I always enjoy introducing kids to flying—their grins and excitement are infectious to me and I hope to plant a seed in their brains and hearts that they someday grow up to become pilots as well! One of my Boston colleagues and good friend lives near Mansfield Airport (1B9) and has a young daughter who, besides loving anything Frozen, seems to like airplanes. When they visit the airport, she asks her mom whether Pete brought his plane to visit. In fact, last summer, they sent me this photo!
So, on a chilly Sunday morning, I finally got to head up to Mansfield. I tried to get a preheat on the engine since it was in the 30s, but the back-up preheat cart seemed to be overheating the top of the cowling, so I decided to do without. The POH calls for preheat at 10 degrees F, so while I “prefer” to preheat in the 30s, it’s not critical. Instead, I gave the plane a long while to heat up the engine and warm the oil before I started my taxi.
The flight east-northeast was pretty quick at 3,500 feet. I enjoyed a solid tailwind, keeping groundspeed at about 160kts and started my descent at about North Central State (KSFZ) airport, about 15nm from Mansfield. Mansfield was breeze to spot, since it’s situated just northeast of the Norton Reservoir and right next to I-495. I joined the downwind for Runway 32 and made the turnoff into the ramp.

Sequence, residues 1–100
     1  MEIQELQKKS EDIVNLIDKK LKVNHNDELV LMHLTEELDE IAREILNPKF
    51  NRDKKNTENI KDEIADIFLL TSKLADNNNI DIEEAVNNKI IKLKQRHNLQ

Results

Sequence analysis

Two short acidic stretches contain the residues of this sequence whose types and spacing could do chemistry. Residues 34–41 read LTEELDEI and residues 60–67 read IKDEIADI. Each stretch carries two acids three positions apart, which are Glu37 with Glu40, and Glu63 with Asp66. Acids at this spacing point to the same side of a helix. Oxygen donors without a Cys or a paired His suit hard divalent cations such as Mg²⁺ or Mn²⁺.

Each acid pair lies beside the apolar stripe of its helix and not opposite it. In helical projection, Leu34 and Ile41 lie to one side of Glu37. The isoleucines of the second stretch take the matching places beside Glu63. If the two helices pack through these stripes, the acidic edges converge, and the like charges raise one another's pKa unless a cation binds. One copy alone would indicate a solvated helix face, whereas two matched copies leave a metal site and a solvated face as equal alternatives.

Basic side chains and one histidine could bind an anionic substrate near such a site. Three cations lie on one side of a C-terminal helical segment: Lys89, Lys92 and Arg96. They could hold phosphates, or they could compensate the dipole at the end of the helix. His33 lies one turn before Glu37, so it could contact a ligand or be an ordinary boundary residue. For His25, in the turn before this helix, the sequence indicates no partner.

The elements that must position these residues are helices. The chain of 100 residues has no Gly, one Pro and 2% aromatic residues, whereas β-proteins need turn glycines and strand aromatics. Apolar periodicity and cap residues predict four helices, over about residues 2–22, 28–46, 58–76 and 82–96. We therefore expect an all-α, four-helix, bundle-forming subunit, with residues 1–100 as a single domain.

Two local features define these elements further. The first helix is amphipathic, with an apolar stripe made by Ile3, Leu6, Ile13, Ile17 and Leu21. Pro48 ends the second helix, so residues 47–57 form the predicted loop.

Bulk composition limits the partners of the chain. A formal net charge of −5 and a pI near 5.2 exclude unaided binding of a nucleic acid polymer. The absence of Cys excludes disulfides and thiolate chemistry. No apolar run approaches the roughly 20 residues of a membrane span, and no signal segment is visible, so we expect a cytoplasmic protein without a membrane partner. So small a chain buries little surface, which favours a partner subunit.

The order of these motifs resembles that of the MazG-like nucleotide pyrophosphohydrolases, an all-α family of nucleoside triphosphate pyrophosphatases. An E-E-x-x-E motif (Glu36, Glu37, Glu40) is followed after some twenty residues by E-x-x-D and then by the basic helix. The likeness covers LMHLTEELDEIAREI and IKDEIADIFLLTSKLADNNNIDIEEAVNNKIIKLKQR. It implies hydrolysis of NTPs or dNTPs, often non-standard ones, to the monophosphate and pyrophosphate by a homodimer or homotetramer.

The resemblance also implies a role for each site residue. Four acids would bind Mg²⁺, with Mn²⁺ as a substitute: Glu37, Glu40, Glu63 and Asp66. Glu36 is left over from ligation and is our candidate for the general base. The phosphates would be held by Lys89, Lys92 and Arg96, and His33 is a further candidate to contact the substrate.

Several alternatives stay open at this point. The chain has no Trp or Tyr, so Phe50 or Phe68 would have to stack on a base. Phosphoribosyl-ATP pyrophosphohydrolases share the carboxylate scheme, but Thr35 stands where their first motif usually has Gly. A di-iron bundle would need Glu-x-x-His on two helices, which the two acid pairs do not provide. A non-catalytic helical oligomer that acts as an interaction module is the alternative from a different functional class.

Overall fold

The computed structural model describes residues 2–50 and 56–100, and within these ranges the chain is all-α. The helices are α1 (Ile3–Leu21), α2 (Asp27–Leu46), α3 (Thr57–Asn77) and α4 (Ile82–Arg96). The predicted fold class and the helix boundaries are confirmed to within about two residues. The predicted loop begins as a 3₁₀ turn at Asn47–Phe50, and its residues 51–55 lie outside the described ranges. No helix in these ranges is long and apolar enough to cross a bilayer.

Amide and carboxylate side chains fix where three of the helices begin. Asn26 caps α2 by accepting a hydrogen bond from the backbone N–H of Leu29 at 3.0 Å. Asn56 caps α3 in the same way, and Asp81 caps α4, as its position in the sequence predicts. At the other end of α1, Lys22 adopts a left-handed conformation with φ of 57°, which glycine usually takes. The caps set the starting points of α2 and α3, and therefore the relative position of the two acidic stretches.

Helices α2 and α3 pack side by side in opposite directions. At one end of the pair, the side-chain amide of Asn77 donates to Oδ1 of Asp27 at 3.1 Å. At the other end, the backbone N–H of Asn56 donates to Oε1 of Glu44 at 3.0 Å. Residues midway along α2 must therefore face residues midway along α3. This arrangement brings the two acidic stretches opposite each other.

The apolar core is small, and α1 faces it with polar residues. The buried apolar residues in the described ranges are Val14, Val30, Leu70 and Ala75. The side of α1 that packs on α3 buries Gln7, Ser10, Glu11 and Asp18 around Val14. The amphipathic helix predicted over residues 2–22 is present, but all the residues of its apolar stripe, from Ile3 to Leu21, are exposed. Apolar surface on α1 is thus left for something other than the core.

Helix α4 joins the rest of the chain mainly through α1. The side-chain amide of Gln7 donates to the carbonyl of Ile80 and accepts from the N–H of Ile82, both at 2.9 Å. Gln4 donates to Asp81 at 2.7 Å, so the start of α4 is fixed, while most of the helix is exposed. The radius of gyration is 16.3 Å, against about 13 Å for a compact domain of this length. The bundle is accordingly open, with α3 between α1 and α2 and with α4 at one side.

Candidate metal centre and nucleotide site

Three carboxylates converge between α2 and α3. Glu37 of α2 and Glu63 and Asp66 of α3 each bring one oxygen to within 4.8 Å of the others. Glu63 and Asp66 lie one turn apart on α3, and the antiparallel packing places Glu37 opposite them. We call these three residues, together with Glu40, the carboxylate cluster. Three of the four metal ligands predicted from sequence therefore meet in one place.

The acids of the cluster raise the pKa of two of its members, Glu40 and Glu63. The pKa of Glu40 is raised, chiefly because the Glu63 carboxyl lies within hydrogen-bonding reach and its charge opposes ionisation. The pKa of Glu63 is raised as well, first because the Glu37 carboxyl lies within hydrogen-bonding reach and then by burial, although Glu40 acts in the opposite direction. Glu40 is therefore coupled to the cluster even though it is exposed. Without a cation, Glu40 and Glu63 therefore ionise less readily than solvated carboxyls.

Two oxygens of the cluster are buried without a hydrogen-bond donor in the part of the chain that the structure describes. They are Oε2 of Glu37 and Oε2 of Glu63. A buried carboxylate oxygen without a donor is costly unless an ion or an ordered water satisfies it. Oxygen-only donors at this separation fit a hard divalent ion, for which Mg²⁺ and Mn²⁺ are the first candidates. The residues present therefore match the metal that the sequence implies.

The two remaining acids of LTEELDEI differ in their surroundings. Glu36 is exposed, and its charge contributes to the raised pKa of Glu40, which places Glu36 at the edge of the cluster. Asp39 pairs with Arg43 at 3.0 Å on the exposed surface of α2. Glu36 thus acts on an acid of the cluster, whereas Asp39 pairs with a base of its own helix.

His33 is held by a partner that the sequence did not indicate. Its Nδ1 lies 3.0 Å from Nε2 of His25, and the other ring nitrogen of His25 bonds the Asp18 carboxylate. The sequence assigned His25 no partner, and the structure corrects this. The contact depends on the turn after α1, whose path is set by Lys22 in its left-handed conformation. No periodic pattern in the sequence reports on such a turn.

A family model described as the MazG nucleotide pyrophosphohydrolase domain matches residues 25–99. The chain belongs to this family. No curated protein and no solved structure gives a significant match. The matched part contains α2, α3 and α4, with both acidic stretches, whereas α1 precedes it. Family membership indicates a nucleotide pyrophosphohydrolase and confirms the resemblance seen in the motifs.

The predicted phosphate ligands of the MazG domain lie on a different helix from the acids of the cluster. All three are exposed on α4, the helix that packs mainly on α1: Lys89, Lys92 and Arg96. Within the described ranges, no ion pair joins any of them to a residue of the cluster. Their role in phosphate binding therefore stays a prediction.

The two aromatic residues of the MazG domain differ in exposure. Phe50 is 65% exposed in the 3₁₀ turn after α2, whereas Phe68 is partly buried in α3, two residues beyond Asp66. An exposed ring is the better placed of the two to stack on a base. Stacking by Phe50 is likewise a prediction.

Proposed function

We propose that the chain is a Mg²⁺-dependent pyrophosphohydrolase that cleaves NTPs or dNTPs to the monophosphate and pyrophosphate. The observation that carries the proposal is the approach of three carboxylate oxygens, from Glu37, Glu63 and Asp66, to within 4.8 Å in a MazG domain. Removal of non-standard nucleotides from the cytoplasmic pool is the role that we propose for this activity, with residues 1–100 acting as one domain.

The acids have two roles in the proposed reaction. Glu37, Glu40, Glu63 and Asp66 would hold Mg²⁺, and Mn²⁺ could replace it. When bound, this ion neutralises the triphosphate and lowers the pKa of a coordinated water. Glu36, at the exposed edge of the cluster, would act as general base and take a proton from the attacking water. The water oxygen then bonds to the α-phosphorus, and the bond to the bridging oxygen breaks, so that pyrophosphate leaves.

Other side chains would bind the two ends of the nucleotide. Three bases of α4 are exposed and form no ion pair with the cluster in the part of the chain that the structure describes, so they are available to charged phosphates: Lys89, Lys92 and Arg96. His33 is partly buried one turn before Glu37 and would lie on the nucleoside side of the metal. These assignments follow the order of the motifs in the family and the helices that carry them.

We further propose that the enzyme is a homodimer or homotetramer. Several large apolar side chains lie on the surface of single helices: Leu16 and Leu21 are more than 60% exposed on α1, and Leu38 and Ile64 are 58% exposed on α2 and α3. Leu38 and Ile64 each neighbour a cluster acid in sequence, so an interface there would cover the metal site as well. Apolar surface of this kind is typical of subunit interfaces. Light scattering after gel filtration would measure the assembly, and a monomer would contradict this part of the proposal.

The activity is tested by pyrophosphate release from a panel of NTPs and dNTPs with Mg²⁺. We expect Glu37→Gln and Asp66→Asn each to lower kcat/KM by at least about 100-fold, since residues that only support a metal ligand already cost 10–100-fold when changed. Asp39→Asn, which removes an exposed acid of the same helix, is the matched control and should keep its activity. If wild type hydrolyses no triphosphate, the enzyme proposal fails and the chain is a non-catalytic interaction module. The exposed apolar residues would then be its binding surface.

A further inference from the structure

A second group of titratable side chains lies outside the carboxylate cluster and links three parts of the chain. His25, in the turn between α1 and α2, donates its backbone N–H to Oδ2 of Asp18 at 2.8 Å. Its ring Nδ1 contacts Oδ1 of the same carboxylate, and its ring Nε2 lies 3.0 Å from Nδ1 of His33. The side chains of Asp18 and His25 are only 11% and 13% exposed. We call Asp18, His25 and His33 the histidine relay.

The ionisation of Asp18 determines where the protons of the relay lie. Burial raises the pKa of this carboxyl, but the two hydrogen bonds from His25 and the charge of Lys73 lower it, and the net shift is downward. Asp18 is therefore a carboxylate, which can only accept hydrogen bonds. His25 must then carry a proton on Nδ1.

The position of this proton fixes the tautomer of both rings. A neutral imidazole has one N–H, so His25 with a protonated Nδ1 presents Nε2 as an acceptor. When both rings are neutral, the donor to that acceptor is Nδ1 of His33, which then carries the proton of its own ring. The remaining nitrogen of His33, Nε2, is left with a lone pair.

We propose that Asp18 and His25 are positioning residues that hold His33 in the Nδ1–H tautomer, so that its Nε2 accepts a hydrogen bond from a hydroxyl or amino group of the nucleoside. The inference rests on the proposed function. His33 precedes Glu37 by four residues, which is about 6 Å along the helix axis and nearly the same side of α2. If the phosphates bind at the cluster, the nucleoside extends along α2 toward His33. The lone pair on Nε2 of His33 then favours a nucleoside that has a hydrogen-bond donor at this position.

Katy and Avery were just arriving as I started walking to the FBO so I brought them out to the airplane. Avery confirmed she wanted to go fly, so we secured her car seat and popped a headset on her, on top of her hat. She also grabbed the two teddy bears I keep in the back of the plane.
Soon we were taxiing out and waited for a couple of planes in the pattern to do their thing before we could take off. We went around the pattern once and did a touch and go and then exited to the northwest a little to try to go over their house. Then we came back for another full stop landing and that was it. But Avery (and Katy) had fun---Avery did a great job shouting for the intercom.
After a great brunch with the whole family, Katy dropped me off at the airport for the ride home. Unfortunately, my tailwind was now a headwind, so it was nearly an hour long trip home, even at a low 2,500 feet! But except for one or two bumps, the ride was a smooth one.
Calling Bridgeport while 15 miles out, I got instructions to report a 3 mile right base to 29. Two other planes were ahead of me, one approaching a 3 mile right base and another 5 miles straight out on a practice GPS approach. When tower told me I would be #2 after the practice GPS approach, I acknowledged, but couldn’t see him anywhere on my traffic screen or out the window. I was starting to worry as I got closer to the airport and reported at Charles Island that I did not have the traffic in sight.
As the tower did some querying, it turned out the practice plane admitted to being on the GPS 24 approach which they claimed ATC had given them, although the tower said that was impossible since with the runway closed, the GPS 24 approach didn’t technically exist. They broke off the approach and climbed as I turned onto a 3 mile final and was cleared to land.